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The problem with older fertility patients is that follicles that mature no longer contain healthy egg cells. The cause can be explained as such: fibres of collagen in the outer shell of the ovary surround the immature small follicles in which the egg cells are located and protect them from damage. After the menstrual period, many follicles begin to grow at the same time, all follicles but one stop growing after a few days and only the remaining follicle can mature until ovulation and release a beautiful egg cell for fertilisation. As women age, the collagen around the follicles becomes thinner and stiffer. The stiff collagen fibres therefore restrict the growing follicles, they are trapped as if they were in encapsulated in plaster and cannot mature.

The authors of one study surgically removed the outer layer of the ovary, which contains the immature follicles, and cut it into small pieces. In doing so, they also cut through the solid collagen fibres that were restricting the follicles. They then sewed the ‘chopped up ovarian tissue back into the ovary – and lo and behold – follicles were able to form again by ovulation. Two healthy children were recently born in China following this treatment.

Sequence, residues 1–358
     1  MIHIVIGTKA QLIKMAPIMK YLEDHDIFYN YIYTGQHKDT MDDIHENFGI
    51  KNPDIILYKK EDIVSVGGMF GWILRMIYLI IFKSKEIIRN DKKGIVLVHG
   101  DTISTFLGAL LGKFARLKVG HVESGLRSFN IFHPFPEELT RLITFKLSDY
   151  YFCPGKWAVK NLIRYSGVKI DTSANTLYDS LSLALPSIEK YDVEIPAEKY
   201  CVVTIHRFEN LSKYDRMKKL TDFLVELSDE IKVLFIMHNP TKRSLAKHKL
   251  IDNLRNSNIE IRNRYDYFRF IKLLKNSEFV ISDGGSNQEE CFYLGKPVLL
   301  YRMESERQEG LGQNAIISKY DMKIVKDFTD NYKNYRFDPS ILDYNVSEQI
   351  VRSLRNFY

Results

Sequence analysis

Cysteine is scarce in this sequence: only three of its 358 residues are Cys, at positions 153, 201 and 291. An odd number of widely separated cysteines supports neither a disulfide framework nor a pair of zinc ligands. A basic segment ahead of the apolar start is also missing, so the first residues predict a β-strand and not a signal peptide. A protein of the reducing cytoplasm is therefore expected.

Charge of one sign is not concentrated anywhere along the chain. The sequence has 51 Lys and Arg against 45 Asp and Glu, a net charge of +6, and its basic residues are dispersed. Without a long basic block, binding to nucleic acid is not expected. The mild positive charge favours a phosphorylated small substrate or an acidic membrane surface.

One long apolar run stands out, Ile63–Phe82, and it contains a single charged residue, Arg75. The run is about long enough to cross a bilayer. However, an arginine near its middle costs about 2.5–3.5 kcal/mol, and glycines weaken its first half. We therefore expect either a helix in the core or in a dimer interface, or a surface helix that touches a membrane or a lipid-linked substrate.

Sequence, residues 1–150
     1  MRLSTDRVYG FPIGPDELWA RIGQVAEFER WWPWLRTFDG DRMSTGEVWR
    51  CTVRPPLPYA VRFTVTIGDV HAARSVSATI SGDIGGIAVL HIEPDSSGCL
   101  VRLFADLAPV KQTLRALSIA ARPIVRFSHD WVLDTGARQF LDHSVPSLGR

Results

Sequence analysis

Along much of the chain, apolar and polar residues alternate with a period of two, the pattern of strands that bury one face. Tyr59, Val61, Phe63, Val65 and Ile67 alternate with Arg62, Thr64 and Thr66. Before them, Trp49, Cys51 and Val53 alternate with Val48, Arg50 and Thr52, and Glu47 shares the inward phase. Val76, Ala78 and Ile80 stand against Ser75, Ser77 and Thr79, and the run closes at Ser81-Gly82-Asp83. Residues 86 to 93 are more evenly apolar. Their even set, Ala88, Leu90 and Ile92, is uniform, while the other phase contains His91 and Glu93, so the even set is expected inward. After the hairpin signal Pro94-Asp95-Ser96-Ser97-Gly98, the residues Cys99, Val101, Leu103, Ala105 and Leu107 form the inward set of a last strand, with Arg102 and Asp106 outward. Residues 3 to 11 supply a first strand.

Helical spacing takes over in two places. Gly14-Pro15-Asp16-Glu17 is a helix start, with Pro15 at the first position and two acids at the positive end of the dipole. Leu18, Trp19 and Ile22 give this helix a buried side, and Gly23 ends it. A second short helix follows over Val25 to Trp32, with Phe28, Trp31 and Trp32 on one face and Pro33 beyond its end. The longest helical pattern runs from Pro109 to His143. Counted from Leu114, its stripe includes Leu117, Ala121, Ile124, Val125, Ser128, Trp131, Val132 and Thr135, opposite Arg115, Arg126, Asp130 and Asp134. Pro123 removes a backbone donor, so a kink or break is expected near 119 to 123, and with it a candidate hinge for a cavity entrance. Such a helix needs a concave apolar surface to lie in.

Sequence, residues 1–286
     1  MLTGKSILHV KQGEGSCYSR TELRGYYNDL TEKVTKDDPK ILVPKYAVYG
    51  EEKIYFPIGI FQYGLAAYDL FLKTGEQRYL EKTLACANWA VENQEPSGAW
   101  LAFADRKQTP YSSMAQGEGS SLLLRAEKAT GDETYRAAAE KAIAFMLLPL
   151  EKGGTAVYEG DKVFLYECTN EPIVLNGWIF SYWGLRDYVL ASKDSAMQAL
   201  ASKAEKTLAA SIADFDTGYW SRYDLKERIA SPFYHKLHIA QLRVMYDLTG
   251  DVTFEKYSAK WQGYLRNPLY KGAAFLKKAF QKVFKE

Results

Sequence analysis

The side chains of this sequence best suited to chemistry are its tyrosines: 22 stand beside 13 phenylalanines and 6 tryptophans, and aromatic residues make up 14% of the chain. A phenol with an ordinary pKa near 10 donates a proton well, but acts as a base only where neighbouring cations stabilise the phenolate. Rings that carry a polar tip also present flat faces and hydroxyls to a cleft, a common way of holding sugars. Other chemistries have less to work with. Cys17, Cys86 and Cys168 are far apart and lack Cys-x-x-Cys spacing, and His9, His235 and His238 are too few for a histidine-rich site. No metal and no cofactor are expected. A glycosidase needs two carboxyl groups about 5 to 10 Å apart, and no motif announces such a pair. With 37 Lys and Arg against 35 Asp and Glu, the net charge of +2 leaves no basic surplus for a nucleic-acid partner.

We can see that science is always looking for new methods to make the dream of having a child come true for more mature women, for example through IVA treatment.


IVM treatment is a method of artificial insemination in which immature egg cells are removed from the woman’s ovary. These are matured in a test tube alongside hormones and are then fertilised with the male semen. The fertilised egg is reinserted into the woman’s uterus as an embryo. This method is discussed controversially in professional journals and there have been very few confirmed pregnancies. Therefore we don´t offer this method at KIWI Linz.